Speaking at a conference on security and migration management in the Western Balkans in Brussels on Thursday, Bulgarian Prime Minister Boyko Borisov lambasted the EU’s migration and asylum policy, calling it “a complete failure”.
Borisov, whose country currently holds the rotating presidency on the European Council, offered a number of solutions that could deal with the ‘chaos’ that resulted from the EU’s existing approach towards migrants.
Part of his initiatives may face misunderstanding among other member states.
Borisov was particularly abrupt when speaking about the migrant issue and repeatedly countered the claims of Dimitris Avramopoulos, the Commissioner for Migration, Home Affairs, and Citizenship, who earlier called the EU’s relocation and resettlement scheme “a European success story”.
Borisov, instead, labelled Brussels current integration scheme a ‘complete failure’, adding that the inability of mainstream parties in Germany and Austria to form traditional ruling coalitions was prompted by the former governments’ impotence when dealing with the crisis both during and after the initial wave of refugees appeared in 2015.
“We have to admit that the EU’s relocation and resettlement scheme is a failure as well as our diplomacy. Instead of arguing with each other how many migrants we have to take in, we should come up with a different approach,” said Borisov.
Borisov offered to improve and strengthen the EU’s external borders, developing clear criteria which could help distinguish refugees and economic migrants at a entry point, and improve data exchanges among member states to better track potential terrorists. The most controversial initiative, which caused a stir in the auditorium, was Borisov’s suggestion that the EU should build security facilities along the borders of war-torn countries with the purpose of processing migrants’ data before they leave their home countries, and even encourage them to return their places of origin.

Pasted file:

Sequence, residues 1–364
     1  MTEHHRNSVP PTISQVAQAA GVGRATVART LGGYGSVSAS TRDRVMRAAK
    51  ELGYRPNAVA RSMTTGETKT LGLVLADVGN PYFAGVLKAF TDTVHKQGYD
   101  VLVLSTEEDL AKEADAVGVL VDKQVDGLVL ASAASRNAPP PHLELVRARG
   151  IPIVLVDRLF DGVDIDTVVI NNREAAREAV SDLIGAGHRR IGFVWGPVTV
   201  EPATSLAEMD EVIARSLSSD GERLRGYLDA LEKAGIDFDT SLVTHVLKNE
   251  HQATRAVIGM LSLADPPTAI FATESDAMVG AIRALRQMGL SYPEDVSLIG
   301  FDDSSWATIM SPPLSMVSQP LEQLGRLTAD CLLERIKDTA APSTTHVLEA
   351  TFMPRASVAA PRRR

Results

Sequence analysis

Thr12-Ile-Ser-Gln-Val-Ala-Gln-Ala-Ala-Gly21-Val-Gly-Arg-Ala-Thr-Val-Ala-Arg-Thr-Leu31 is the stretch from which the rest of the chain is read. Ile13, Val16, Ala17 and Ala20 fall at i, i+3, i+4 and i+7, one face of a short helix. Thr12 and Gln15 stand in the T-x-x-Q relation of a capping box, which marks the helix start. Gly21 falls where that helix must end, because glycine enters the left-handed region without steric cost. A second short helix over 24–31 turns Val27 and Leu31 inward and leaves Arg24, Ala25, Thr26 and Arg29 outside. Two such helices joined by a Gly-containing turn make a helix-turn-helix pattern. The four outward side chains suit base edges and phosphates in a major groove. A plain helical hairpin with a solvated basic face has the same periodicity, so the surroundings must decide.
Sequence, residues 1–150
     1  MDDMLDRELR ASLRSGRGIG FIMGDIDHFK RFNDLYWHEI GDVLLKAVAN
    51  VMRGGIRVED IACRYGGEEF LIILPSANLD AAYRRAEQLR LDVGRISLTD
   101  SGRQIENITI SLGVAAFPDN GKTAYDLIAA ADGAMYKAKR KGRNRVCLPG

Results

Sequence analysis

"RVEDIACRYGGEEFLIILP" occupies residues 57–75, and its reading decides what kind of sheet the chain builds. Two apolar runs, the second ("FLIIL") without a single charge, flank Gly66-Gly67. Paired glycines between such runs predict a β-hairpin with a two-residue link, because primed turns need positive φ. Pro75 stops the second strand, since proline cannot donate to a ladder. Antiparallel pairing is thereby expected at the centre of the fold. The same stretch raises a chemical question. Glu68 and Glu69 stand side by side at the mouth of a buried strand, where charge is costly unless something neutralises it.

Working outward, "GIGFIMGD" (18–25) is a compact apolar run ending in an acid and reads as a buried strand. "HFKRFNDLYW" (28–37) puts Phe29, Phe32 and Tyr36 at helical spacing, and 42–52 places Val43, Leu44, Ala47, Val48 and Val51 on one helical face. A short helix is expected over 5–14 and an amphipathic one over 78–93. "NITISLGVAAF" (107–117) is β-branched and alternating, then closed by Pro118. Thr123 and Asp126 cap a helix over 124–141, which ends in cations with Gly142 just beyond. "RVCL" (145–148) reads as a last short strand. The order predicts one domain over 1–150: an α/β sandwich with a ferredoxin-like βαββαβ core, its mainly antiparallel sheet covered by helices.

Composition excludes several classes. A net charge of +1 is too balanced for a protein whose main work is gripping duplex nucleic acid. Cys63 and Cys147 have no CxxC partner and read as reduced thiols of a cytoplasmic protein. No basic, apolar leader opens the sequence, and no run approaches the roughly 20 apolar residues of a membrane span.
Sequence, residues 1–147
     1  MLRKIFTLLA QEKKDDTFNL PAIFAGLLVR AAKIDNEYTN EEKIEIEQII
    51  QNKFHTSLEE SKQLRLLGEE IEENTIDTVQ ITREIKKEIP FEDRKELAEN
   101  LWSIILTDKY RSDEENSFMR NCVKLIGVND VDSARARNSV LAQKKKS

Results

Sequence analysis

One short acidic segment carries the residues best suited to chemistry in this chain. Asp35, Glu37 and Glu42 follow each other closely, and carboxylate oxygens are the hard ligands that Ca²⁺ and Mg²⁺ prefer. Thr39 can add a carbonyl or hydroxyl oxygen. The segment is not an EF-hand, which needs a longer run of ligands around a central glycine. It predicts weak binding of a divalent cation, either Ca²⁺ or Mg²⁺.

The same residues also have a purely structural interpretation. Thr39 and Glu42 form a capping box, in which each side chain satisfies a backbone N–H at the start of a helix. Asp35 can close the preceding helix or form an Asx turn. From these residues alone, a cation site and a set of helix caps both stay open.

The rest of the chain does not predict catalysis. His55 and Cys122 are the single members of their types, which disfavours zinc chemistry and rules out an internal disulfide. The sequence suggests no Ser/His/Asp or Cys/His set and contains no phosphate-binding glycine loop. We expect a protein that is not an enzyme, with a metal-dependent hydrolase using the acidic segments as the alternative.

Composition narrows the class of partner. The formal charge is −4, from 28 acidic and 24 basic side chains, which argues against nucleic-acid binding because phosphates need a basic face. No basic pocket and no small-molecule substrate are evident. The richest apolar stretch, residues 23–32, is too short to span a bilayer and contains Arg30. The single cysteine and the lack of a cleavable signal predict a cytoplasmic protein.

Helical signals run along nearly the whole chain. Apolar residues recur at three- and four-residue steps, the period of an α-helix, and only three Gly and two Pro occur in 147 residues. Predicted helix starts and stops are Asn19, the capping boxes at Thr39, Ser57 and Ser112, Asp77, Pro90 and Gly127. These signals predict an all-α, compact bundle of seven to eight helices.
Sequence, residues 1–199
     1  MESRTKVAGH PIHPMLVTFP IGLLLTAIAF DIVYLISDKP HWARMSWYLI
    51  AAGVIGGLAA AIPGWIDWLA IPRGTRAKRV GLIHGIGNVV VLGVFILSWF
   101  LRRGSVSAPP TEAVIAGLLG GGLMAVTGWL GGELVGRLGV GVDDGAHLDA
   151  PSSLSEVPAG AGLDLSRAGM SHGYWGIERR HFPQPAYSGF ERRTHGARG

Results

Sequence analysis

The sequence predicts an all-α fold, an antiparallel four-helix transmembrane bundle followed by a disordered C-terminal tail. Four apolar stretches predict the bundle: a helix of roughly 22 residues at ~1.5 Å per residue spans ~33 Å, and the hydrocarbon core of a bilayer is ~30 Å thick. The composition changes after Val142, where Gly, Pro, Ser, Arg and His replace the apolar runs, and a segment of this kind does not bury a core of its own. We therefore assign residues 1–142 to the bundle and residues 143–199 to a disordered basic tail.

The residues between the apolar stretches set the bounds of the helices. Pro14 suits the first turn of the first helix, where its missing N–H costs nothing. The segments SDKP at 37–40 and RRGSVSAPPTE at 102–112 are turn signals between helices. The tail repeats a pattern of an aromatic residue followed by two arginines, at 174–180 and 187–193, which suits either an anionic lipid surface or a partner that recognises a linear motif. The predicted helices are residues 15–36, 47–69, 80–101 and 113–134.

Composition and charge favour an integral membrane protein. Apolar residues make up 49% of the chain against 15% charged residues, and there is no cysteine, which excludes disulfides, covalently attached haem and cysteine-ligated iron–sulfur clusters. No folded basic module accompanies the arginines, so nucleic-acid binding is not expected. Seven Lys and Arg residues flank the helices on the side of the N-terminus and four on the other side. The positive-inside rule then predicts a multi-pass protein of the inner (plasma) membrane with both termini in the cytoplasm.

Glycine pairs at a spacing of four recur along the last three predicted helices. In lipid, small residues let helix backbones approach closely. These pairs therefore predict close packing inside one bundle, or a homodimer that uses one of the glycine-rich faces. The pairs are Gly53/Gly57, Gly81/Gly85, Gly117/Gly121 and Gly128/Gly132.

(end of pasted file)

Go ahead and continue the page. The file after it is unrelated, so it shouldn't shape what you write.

“I do not understand why we should pour billions of euros into the economies of Middle Eastern countries such as Afghanistan, Libya, and Syria and mend repair the damage caused by someone else. We have to think of how to prepare the people from these countries to return home and repair their own economies. Regardless of my respect for the Council, the Parliament and (High Representative for Foreign Affairs Federica) Mogherini’s efforts, we have to admit that the process tends to be run from beyond Europe,” said Borisov.
The level of rancor between the individual member stated when discussing the migration issue at an EU level has completely caught him off guard, said Borisov, adding the conversation quickly escalated and “everyone starts insulting each other”.
He reiterated, however, that Europe needed to stay united when it comes to tackling the refugee as this is the only way to eventually emerge from the situation.